Parkinson’s patients who eat a portion of strawberries or apples every other day could extend their lives, a new study suggests. Scientists at Pennsylvania University also found drinking tea or orange juice on a regular basis could have a similar effect.
What all of these foodstuffs have in common is that they’re full of antioxidants that are thought to protect brain cells that are usually damaged by the disease. Among them are flavonoids, which are known to soothe inflammation and help with a number of conditions, such as high blood pressure.
Researchers spent 30 years tracking the diets of 1,250 individuals with Parkinson’s for the study. They discovered that those who averaged at least 673mg of flavonoids a day were 70 per cent more likely to still be alive when the research ended.
While that equates to consuming an entire punnet of strawberries or six apples a day, the scientists said three servings a week also show benefits for Parkinson’s patients. As red wine also contains a high flavonoids content, it could also help.
Parkinson’s affects approximately one in 500 people in the UK and is usually diagnosed in people aged 50 or over. It gets worse with age, but there are a number of treatments available to help manage the symptoms, which include shaking and stiffness in the muscles.
While there’s no cure for the condition, advancements in medicine mean those with Parkinson’s can now live to a similar age as those without it. Lifestyle choices, such as eating strawberries and apples regularly, could help to manage Parkinson’s too.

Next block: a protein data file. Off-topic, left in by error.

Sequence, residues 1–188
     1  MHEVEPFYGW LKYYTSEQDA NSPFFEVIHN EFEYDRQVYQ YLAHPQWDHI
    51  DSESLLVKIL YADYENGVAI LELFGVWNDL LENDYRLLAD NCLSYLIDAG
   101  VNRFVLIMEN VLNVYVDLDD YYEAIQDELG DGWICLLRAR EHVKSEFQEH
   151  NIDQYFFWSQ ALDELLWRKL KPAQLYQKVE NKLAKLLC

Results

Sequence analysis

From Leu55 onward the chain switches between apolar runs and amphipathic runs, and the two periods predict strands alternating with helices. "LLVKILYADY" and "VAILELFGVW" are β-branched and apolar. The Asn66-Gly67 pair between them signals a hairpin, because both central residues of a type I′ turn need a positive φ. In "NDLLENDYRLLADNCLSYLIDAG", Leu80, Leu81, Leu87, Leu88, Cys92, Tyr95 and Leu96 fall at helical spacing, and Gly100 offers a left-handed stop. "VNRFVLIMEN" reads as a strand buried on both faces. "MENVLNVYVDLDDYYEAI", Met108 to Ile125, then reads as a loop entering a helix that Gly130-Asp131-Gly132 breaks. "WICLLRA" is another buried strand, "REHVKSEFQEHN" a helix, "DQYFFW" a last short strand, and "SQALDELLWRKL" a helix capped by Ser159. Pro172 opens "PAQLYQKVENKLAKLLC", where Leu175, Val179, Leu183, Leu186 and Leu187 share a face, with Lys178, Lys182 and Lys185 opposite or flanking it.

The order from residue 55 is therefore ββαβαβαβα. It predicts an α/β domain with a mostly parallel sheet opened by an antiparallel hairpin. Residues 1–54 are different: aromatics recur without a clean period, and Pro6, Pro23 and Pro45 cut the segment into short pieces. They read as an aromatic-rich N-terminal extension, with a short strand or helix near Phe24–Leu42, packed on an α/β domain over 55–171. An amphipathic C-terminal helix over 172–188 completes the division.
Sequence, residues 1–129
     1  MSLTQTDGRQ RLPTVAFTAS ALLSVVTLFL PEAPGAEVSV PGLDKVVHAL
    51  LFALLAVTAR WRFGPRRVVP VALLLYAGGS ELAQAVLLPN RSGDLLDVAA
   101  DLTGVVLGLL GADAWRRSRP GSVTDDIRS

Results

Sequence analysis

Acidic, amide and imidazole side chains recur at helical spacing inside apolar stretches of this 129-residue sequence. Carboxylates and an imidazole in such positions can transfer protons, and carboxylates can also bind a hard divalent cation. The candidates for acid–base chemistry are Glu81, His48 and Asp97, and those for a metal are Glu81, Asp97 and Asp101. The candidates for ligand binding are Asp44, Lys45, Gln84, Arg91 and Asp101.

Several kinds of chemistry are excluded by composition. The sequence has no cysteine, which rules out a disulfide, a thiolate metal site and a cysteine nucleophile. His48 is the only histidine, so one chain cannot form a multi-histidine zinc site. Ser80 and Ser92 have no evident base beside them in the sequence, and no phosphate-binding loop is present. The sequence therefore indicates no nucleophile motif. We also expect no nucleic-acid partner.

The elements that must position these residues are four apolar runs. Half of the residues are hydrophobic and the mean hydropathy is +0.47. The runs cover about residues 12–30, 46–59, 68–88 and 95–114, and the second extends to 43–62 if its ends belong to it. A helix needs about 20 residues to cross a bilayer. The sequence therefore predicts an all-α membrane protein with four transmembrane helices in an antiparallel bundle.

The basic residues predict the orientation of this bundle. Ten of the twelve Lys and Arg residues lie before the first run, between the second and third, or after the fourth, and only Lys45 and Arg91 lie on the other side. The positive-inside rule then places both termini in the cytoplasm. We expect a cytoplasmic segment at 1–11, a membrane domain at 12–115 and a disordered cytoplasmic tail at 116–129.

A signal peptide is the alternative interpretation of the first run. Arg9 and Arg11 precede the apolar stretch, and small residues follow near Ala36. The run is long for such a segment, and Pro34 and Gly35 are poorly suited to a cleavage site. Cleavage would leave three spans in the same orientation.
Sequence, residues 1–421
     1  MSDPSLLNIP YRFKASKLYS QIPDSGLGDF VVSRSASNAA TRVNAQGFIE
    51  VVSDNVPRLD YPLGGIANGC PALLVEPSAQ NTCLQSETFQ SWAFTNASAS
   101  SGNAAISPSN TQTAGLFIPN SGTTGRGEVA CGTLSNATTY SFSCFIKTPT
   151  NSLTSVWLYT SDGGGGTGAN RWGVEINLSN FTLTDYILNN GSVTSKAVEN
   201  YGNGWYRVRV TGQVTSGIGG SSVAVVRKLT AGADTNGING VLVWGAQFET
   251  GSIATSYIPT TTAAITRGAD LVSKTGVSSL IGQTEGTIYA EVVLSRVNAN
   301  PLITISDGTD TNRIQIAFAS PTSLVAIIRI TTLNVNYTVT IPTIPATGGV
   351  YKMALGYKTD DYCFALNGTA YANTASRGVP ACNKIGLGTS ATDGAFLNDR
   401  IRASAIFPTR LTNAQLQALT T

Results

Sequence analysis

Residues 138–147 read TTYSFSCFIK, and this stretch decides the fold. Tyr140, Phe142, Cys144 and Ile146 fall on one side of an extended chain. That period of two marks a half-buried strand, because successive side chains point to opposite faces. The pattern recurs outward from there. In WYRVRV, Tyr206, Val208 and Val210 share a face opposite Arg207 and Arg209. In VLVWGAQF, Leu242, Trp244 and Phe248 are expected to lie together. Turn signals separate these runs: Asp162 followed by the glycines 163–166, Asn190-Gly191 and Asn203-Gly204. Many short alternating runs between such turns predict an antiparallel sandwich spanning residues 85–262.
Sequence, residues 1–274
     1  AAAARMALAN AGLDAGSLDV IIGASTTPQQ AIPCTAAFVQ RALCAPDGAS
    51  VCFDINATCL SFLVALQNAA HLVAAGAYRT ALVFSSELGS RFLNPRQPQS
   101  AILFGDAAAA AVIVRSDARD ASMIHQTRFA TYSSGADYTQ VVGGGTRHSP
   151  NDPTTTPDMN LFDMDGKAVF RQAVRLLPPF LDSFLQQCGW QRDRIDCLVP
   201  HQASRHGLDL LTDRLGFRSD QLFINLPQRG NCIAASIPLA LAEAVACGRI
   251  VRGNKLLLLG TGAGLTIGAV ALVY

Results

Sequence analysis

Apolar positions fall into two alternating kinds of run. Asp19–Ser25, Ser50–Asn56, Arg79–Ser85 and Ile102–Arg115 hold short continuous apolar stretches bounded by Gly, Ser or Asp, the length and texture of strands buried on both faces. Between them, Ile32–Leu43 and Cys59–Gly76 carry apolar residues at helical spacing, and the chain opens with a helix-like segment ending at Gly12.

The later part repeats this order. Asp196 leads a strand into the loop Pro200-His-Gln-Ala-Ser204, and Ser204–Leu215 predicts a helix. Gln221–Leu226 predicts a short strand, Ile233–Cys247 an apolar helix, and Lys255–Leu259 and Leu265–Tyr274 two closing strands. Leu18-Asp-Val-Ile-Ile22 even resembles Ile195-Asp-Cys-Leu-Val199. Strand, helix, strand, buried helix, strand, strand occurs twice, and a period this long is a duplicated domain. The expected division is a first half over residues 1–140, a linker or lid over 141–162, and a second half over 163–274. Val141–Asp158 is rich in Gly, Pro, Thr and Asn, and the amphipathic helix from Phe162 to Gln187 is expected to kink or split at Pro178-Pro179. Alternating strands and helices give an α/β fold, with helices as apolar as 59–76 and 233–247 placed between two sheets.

Professor Xiang Gao, the epidemiologist who led the study, said: “If someone with Parkinson's is able to add a few servings of berries, apples, oranges and tea to their weekly diets, our results suggest it may be an easy and low-risk way to possibly improve their outcome.
“And while we do not encourage people who do not currently drink alcohol to start, people who do drink could consider shifting to red wine.”
Those included in the study had an average age of 72 and the gender split was even between men and women. They completed questionnaires detailing their diets every two to four years between 1986 and 2018 to allow scientists to understand how many flavonoids they were consuming daily.
In addition to seeing a difference in survival rates between those who ate a lot of flavonoids, the researchers also looked into whether it had a protective effect. The results backed up previous findings from other studies that flavonoids can protect against Parkinson’s and other diseases.
The effects were found not to be as pronounced in men as women. Other life factors, such as weight, smoking and socio-economic status, were not taken into account in the study. Seeing as berries and apples can contribute to a healthy diet, it could be worth Parkinson’s patients introducing more of these elements to their meals and snacks.